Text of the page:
News and Tribune

Clark County

January 8, 2013

New billing system purchased for Jeffersonville

Connie Sellers named council president

JEFFERSONVILLE — The Jeffersonville City Council narrowly agreed to purchase a new billing system for the city that will cost more than $600,000.

City Controller Monica Harmon presented the contract with BS&A Software to install a new financial and utility billing system which includes equipment upgrades, a new server and 39 new work stations. The total cost of the proposal was approved at $605,400 and included $50,000 for an outside consultant to manage the installation of the new software.

Harmon explained that many of the other cities that made software conversions had issues setting up the new systems. The consultant is designed to eliminate any problems that may occur with the installation of the system.

And the system comes with a guarantee.

“[If] we don’t like it after a year, we get our money back,” Harmon said.

The funding will come from three sources. Money was also dedicated by the city’s Sewer Board, totaling $74,600, which was previously approved, and $23,700 is expected to come from the city’s Drainage Board. The city council was left with the $507,100 remainder.

Harmon said $250,000 in the controller’s budget will cover the cost for this year, but an additional $278,000 would need to be dedicated next year. Financing a two-year payment plan could cost an additional $29,500.

But dedicating money for 2014 before the council knows what it will have to cut out of the city’s capital purchases budget caused several council members to voice their objections.

“Can we approve a capital expenditure before we know what the circuit breakers are going to be and where our budget’s going to be when it comes back from the State Board of Accounts?” asked Councilman Matt Owen. “I think it’s bad business to start approving projects now, because that’s going to start the line out the door for other capital projects.”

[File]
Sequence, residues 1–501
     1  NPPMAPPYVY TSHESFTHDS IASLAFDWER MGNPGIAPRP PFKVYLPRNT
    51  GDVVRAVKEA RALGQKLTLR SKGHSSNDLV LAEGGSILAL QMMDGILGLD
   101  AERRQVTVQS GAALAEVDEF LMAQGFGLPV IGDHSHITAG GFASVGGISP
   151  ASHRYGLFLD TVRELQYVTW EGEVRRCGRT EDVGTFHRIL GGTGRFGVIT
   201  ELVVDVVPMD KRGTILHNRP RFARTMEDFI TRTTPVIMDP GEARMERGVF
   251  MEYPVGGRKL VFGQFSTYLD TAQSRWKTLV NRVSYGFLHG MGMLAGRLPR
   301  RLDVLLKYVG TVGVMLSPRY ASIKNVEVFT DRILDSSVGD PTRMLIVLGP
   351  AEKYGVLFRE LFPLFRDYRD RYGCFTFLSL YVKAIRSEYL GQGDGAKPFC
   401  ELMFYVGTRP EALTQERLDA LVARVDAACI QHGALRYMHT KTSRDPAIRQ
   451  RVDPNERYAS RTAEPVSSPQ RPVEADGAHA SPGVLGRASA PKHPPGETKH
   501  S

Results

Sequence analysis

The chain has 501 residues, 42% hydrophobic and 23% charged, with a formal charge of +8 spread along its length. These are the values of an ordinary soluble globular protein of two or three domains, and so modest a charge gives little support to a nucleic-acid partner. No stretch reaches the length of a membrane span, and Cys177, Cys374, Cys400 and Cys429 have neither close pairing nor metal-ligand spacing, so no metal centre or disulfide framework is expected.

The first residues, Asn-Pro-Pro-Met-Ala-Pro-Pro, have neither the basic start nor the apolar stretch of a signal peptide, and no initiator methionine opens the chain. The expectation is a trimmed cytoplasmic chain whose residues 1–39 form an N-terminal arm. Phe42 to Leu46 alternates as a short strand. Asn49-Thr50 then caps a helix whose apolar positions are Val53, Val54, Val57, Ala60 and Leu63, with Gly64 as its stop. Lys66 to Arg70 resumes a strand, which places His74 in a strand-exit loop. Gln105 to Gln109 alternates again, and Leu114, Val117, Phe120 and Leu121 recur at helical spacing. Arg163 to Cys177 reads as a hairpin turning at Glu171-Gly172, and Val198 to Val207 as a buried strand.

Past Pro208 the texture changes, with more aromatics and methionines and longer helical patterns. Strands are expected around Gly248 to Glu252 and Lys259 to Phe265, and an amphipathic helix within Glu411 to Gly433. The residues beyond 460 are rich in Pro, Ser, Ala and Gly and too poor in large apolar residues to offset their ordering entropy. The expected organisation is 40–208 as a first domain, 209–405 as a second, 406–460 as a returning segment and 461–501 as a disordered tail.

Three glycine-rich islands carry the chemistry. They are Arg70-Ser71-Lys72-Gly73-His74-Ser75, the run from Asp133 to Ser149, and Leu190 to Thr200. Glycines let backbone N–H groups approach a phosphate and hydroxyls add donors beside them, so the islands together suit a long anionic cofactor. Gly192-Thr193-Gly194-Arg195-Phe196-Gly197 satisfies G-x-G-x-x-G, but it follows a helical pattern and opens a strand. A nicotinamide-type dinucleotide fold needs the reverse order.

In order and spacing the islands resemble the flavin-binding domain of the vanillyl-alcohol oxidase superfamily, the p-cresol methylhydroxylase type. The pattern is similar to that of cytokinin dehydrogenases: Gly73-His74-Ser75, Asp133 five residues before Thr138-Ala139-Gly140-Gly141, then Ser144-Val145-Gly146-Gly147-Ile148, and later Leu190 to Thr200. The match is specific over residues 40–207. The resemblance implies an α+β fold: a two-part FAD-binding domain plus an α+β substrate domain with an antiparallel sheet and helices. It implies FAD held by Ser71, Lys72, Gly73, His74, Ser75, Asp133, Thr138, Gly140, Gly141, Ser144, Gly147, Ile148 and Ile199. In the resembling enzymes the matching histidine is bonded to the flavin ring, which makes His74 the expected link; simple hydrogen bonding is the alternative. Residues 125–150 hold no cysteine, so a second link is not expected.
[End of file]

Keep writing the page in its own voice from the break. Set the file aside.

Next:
Councilwoman Lisa Gill also asked whether or not it was considered to update the current system through Keystone, the city’s provider.

“How can we justify the taxpayers paying $500,000 for software [when] Keystone can train and operate for free?” she asked.

Harmon said Keystone was asked to provide a proposal, but did not meet all of the requirements the city had. She added there would likely be additional costs if the city stayed with its current system and it would still not meet Jeffersonville’s needs.

“Every time you make a change in software you get an upcharge,” she said. “While Keystone is a very good product for a small town or a small city, every city that I have spoken with ... has moved to a different platform and a different vendor because they don’t offer the broad spectrum of data and technology that you need to do what a larger city as complex as what we do has [to do].”

Wastewater Superintendent Len Ashack said Jeffersonville has already made a $200,000 to 300,000 investment in a program that tracks flood system and treatment plant costs that will integrate with the new software. He added that the current billing system does not integrate the city’s departments and it is labor intensive to send out late notices to customers.

“We’re losing $1 million a year by not being able to have a flexible software plan to allow us to do sewer bills and drainage bills for that matter,” Ashack said. “In order to keep the rates down, we’ve got to collect the revenues,”

Harmon said it will take about nine months to implement the system and have it up and running and will eventually net the city a savings of what it costs to install the system.

In addition to the upfront costs, there are annual maintenance fees of about $50,000.

The motion to approve the contract with BS&A Software — with the $29,500 out of initial cost to come out of the Local Option Income Tax fund — was approved 5-4, with Council Members Zach Payne, Bryan Glover, Gill and Owen voting against.

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